So I rose at 4:30AM and looked out the window to see a light drizzle. The weather report called for the rain stopping and then starting again in the afternoon, pretty accurate here. I showered and put on my gear, changing to a less warm top than I had planned. I went outside to feel the temperature and feel the rain and I was not sure if I wanted to take my cap and gloves as it seemed somewhat warm. Good thing I took them, as it was cold at the starting line.

I had a monster sized banana, some Japanese blueberry yogurt and some coffee and then proceeded to apply Body Glide where it counts. I did a good job except from one area…and you really don’t want to know where that is…too much info! I carefully packed into my running man-purse the appropriate amount of flavored gels, some cash, and my cell phone. I put on my rain jacket and my trusty running shoes that combined have been on at least six continents. I was ready to go on the 6:45 bus for delivery to Shinjuku where the race begins.

After a 45 minute ride, we arrived at the Keio Hotel where we met up with the rest of the Travelling Fit Group. A few group shots, some “What are you going to run this in?” exchanges, and off we went to Cell Block E. You had to be in Cell Block E by 8:30 or you would lose yard-time for the day. The warden is very strict here! Imagine a sea of people, 36,000 of them, directed by the police and volunteers through six Gates and into 10 holding areas. But first, through security, because after Boston they are very strict and I also think that they are practicing for the 2020 Olympic Games in Tokyo. No water over 100ML allowed in, they search your every crevice and you go through metal detectors. Once you are in, you need to act tough, because the other inmates want to size you up…but I was ok. We got to our cell block by 8:30 with time to spare and then had to wait till 9:15or so. It was cold, so everyone kept on their jackets, plastic bags or blankets. Some discarded then early and they ended up on the floor. The good ones we re-used by those who did not bring enough warm clothing, the others were collected for donation I believe. When it was time to go, people started tossing stuff right and left to discard the heavy clothing. It was hilarious, kind of like watching the Mets mascot shoot T-shirts into the crowd with the air-gun. Anyway, with cannon blasts and confetti the race started a few minutes late. It took us about 2 minutes to finally waddle through the starting line, and away we were.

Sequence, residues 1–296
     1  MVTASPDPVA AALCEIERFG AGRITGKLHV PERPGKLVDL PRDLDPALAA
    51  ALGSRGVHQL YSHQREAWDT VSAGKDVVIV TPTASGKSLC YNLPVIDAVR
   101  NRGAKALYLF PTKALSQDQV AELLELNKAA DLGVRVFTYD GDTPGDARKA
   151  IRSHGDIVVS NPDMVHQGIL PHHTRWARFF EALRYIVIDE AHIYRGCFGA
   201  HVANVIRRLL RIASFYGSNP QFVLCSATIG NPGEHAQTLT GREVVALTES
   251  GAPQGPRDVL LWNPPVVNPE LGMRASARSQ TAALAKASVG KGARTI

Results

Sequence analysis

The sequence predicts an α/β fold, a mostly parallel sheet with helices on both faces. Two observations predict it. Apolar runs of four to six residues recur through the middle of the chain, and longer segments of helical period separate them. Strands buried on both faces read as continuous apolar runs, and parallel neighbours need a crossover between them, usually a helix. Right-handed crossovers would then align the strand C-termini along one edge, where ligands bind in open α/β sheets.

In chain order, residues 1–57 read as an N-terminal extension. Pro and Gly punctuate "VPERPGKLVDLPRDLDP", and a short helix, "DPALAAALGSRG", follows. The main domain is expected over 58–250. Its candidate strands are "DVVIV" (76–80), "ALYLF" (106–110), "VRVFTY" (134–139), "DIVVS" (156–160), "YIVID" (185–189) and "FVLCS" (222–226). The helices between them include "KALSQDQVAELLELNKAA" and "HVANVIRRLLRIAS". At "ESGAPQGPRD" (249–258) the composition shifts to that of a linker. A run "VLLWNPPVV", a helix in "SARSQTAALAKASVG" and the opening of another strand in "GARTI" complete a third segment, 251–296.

The rain had stopped by now but it was still somewhat cold. There were spectators everywhere throughout most of the race, and I imagine that due to the weather the numbers were smaller than normal. I started off running well in a large crowd. I had intended to follow a runner holding a sign for 4 hours but I am not sure where he went. Then, for a while, I followed a banana. Well that is to say a person dressed up as a banana. The banana slipped away from me as well. I remember what one of the Travelling Fit organizers suggested, which was to take it all in, and that is what I intended to do. So with that, I set into a relaxed pace for the first 10k. In my mind I had split the race into four 10k’s and I intended to do each in a minimum on one hour. That would then leave me 2k to finish somewhere at the 4:15 mark. At least, that was the plan.

I was surprised when I reached the first 10k and I was at 56 minutes and change. That meant that I had cut 3 minutes and change from the last 2k and if I kept that pace up for the subsequent 3 x 10k’s I would have 12 to 15 minutes to possibly break 4 hours altogether. Well, that was what I was thinking, but my main goal at 20k was to feel good so I could go on. Somewhere at 17k I passed Mary or she passed me…not sure which one it was but we ended up with a similar time at the end but never really saw each other. I don’t recall seeing her, I was in a trance…and 35,000 other folks were as well.

I passed the Imperial Palace twice, the Imperial Hotel twice and the Palace Hotel twice and finally arrived to the 20k mark. I had gained another 2 minutes so I was slowing a bit but felt good and was making progress at eating into the last 2k of the race. At the half-way mark, 21k, I registered 2 hours and 1 minute. “Doable” I said to myself. I was going easy, not blowing myself out early and I felt good.